A few weeks ago, our church pastor said something that has been echoing in my mind since. He warned us to "keep a soft heart" and not let ourselves become jaded and "indifferent to the world's pain." This is quite a different message from the triumphal, pull-up-your-bootstraps faith-and-determination types of messages you might be used to hearing when it comes to crisis and suffering.
This pastor's words -- keep a soft heart -- strike me as so apt for today with the relentless news of the world's pain, from wars and rumours of war to the ravages of a climate seemingly going haywire. But you don't have to go that far. You'll find poverty, conflicts, loss, and illness close at hand, as they have been always.
Indifference and triumphalism are two increasingly common and opposite responses to the pain of the world, but both wrong. The one is a callous turning away and the other a haughty imposition, but both void of feeling or understanding. Yet, when you look around, these tend to be the most obvious and frequent responses:
"Nothing you or I can do about it, just forget about it and take care of yourself."
"Why can't people just believe and live the way I do? Then they wouldn't have those problems."
I am guilty of both. I have a family with two young kids. The tendency is to turn away and simply take care of my own. Our property is hedged and fenced in, and I sometimes wonder if this barrier is symbolic of my own heart towards others. Then I realize, what could be more contrary to nurturing my family's growth than to demonstrate this private and impervious attitude to the world? There are few things I want more for my kids than that they develop empathetic understanding and caring of others, a goal far greater than all other things we typically call "success." The pastor said we would "become less human if we let ourselves go down the road of indifference." A warning worth considering.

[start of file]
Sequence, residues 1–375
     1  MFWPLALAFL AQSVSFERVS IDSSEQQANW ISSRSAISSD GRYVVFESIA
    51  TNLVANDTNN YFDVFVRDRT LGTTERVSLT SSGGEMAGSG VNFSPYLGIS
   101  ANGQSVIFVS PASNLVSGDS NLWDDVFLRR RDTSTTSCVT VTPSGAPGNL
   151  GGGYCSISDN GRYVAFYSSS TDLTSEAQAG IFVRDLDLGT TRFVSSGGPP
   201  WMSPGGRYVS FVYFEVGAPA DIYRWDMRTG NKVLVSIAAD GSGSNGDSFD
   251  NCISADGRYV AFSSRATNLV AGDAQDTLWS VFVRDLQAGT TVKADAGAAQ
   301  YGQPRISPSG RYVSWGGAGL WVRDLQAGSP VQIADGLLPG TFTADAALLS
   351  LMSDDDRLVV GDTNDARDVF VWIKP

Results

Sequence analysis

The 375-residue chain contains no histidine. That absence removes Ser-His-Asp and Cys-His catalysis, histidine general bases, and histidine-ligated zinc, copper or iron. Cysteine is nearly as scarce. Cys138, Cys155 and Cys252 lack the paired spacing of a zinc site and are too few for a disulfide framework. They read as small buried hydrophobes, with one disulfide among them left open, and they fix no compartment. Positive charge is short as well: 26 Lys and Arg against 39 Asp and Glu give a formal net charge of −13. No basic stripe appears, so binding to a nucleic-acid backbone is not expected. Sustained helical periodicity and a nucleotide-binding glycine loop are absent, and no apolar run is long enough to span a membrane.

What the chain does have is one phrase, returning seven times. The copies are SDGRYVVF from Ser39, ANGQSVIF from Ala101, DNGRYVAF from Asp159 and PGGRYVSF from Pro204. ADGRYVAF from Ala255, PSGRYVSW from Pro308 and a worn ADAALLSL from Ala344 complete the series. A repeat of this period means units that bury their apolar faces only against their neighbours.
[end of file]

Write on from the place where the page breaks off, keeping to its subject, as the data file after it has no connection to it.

But the next day, I might react in an equally bad way. I might take a judgemental, self-righteous posture until I'm nearly yelling at the news as it comes over the TV, instructing the TV on the exact course of action to correct this or that social ill. Why can't they just apply some common sense and goodness like I would? Needless to say, meanwhile, I know little of the background and real circumstances of the particular situation, and I'm obviously still sitting in my chair.
A soft heart, the pastor said. It allows the pain of the world to come inside to where we feel it. When we feel it, we can live the pain along with those who suffer, and even with those who cause suffering, because we realize we are not all that different. Coming this far, we become truly responsible, and only then are we able to truly respond because we know we are part of the problem, not outside the problem. We can no longer either hide behind our hedges or stamp our feet from our soapboxes.
But where does this softness of heart come from? How can I get it? My pastor would say a soft heart is a gift, not something we work up within ourselves. It has to be given, and what we have to do is ask God for it. But this is a proposition that requires humility, which is not a common posture for a society bent on self-sufficiency. But if we were all bold enough to ask and then accept the gift of a soft heart, I wonder what courageous acts of compassion and healing would follow.